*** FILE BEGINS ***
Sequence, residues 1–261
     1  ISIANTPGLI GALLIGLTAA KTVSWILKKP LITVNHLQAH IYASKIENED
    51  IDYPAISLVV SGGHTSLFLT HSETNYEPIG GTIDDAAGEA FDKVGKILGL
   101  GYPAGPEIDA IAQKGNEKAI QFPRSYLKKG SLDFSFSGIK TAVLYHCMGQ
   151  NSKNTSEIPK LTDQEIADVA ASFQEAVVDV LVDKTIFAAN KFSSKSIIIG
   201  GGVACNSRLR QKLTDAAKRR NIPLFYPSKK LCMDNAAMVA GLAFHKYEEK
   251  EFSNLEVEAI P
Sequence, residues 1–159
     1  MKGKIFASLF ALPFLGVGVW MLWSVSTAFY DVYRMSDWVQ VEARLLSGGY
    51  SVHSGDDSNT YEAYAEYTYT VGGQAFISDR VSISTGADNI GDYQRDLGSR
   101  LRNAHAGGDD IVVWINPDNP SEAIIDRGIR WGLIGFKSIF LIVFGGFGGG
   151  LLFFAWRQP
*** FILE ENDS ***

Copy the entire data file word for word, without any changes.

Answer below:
Sequence, residues 1–261
     1  ISIANTPGLI GALLIGLTAA KTVSWILKKP LITVNHLQAH IYASKIENED
    51  IDYPAISLVV SGGHTSLFLT HSETNYEPIG GTIDDAAGEA FDKVGKILGL
   101  GYPAGPEIDA IAQKGNEKAI QFPRSYLKKG SLDFSFSGIK TAVLYHCMGQ
   151  NSKNTSEIPK LTDQEIADVA ASFQEAVVDV LVDKTIFAAN KFSSKSIIIG
   201  GGVACNSRLR QKLTDAAKRR NIPLFYPSKK LCMDNAAMVA GLAFHKYEEK
   251  EFSNLEVEAI P
Sequence, residues 1–159
     1  MKGKIFASLF ALPFLGVGVW MLWSVSTAFY DVYRMSDWVQ VEARLLSGGY
    51  SVHSGDDSNT YEAYAEYTYT VGGQAFISDR VSISTGADNI GDYQRDLGSR
   101  LRNAHAGGDD IVVWINPDNP SEAIIDRGIR WGLIGFKSIF LIVFGGFGGG
   151  LLFFAWRQP